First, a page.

Herding Cats

It isn’t always easy to keep a group of people focused and on-task. Even if they all want to do so, the very thing that makes it advantageous to use a group in the first place – their diversity of thought – also can make it difficult to focus that diversity into something useful. The more possibly combinations of creativity, the more possible distractions.

Time is usually more of a factor, too. Not only is it more difficult to stay focused, but you often have stronger time constraints than when working alone. So you have even less time to get to your end goal, but more potential pitfalls!

How to manage this – while still getting all the benefits that creative collaboration brings?

The Rules.

You can’t just get together and say “hey, let’s turn our creativity towards X.” You have to establish some rules of engagement up front, and get everyone bought in. The reason you need to do it up front is because a lot of these rules can seem downright mean if you enforce them by surprise, but they’re perfectly fine if you’ve created the framework for them in advance.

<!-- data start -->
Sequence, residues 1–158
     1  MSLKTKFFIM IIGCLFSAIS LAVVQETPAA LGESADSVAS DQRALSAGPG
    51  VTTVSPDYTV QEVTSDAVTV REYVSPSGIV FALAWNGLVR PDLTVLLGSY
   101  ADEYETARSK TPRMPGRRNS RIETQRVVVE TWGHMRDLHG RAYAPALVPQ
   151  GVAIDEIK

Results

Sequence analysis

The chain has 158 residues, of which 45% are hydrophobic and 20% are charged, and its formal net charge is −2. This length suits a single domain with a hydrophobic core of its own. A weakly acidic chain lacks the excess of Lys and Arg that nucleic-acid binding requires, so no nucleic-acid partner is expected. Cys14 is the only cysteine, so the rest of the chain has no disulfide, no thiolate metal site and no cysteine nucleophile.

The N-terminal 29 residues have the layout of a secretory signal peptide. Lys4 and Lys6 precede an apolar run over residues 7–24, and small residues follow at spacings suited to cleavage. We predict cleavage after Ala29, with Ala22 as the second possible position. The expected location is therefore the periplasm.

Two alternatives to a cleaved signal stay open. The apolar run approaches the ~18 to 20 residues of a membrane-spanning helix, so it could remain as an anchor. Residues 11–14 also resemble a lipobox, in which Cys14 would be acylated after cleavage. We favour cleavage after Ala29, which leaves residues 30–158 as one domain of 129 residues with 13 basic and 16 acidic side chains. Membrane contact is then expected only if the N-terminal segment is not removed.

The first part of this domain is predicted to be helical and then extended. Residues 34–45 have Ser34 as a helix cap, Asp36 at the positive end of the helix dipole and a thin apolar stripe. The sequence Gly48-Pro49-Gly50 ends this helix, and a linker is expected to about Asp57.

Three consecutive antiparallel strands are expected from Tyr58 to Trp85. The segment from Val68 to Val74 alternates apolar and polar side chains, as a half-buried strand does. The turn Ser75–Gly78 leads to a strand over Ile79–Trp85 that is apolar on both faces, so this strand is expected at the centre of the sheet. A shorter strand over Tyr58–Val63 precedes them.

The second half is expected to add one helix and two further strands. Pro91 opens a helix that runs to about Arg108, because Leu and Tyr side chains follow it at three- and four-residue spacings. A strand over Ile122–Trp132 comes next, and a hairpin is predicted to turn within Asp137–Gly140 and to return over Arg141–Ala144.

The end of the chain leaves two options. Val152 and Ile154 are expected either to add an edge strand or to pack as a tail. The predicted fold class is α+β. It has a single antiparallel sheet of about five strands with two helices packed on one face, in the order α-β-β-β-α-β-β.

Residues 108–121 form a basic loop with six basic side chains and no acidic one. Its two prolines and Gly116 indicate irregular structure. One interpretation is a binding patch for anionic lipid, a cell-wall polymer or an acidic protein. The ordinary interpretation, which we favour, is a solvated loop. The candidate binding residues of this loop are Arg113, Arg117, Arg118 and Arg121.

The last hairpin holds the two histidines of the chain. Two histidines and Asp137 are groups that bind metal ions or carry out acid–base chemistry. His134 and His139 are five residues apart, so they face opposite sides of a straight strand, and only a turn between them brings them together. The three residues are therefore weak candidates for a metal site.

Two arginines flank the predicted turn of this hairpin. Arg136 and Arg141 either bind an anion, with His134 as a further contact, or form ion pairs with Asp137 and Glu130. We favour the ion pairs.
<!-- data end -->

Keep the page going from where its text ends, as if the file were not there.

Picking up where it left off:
For instance, saying up front: “You’re all very smart people, so I know that if we just let this meeting run wild a lot of brilliant things will get said. But just because something is brilliant doesn’t mean it’s useful to our work. So I’ve got a special notebook here (or maybe a specific shared online file if this is a remote meeting) that I’m calling ‘Other Ideas.’ If you start to go down a tangent that is brilliant but not where we need to be, I’m going to sound the metaphorical buzzer and ask you to just stop that track and put the idea down into that notebook/doc (so we don’t lose it!) and then let someone else pick up the track of our main project. Everyone okay with that?”

You want to unleash creativity, but you don’t want to unleash chaos. So create some healthy outlets for those other ideas, but keep the minds steered towards where you want them.

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